Committee-Directed Pension Plans
Your dedicated Oxford service team advises your Board as a co-fiduciary advisor.
In our role as Fiduciary Advisor to pension plans, we:
- Help develop an Investment Policy
- Set strategic and tactical plan asset allocation targets
- Select and monitor money managers
- Manage total costs
- Measure results against both appropriate market and funding status benchmarks
The largest risk to a plan sponsor is a shortfall in its ability to pay its long-term liabilities. The risk may be mitigated through:
- A mix of funding by the plan sponsor
- Design of the portfolio to harmonize asset allocation with the actuarial liabilities
- Investment performance
Oxford offers asset allocation, consulting and manager selection services to address items two and three. We also can employ de-risking strategies focused on our clients’ fixed income portfolios. In general, we believe it makes sense for a defined benefit plan’s fixed income portfolio to match the duration of the actuarial liabilities. The closer a plan is to full funding, the larger the fixed income portfolio can be as a proportion of the overall assets. Some of Oxford’s defined benefit clients have fully immunized their portfolios, while others have taken a glide path approach. The choice between the two has been informed by the plan-funded ratio, whether the plan is open and the plan sponsor’s willingness or ability to fund the plan.
Oxford’s approach to de-risking has two distinct attributes:
- We help pension committees clearly understand the trade-offs in immunization approaches. Reaching a target return, minimizing funding requirements and managing the volatility of a plan’s funded ratio are competing priorities for a plan sponsor. We clearly articulate the pros and cons of any approach with respect to each of these priorities to enable the plan sponsor to have clear expectations.
- We favor straightforward investment approaches with predictable outcomes. We recommend the use of investment grade bonds in a portfolio that matches the duration of the plan’s liabilities for the Liability Driven Investment (LDI) portfolio. We avoid approaches such as excess duration or the use of a futures overlay that claim to offer plans the ability to invest more in return seeking assets, because these strategies are vulnerable to certain assumptions about changes in the shape of the yield curve that can lead to unexpected results.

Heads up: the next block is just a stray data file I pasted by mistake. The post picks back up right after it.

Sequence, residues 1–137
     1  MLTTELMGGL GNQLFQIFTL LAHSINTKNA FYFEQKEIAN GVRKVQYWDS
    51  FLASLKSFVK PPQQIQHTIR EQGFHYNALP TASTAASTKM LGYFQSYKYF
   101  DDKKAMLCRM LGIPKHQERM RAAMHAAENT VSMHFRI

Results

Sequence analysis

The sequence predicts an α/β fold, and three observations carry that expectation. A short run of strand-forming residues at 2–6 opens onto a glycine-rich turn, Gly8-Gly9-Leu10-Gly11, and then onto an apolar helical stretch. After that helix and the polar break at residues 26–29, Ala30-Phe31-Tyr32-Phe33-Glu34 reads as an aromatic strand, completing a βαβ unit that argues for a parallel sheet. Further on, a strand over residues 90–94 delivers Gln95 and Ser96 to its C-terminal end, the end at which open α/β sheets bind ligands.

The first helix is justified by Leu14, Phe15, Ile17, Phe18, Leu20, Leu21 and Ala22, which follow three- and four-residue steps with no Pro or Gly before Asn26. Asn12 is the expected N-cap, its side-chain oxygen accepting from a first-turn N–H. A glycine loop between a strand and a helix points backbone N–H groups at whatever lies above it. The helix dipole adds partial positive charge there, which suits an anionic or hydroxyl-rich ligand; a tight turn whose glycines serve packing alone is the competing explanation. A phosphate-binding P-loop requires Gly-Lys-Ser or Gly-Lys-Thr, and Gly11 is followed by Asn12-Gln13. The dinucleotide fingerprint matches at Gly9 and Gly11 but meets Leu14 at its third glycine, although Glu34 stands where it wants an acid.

Oxford has substantial experience in developing defined benefit plan investment policy statements. We have led defined benefit plan boards to incorporate best practices into their Investment Policy Statement (IPS) document. Our process focuses on key topics that we feel all IPSs should address. These topics include:
- The definition of your strategic asset allocation targets
- Allowable asset category ranges to allow for tactical allocations for risk control and opportunistic positioning
- Manager selection and watch list criteria
- Asset and liability matching philosophy
- The definition of traditional measures related to risk, return expectations, liquidity, time horizon and any special circumstances that should be documented
Our customized reporting is built to help board members easily monitor the overall performance of the investment program, including risk-adjusted returns, plus the performance of managers and the total portfolio against appropriate peer groups and benchmarks.
We include an asset allocation policy within your Investment Policy Statement. We advise reviewing and either reconfirming or revising your investment Policy Statement annually. While we would not expect changes to long-term allocation targets frequently, changes in spending policy and/or any adjustments to an organizational mission should be included in a formal review of asset allocation at least once per year. Our annual Investment Policy Statement review is an agenda item that will ensure that new factors that may affect a plan’s long-term asset allocation are systematically considered.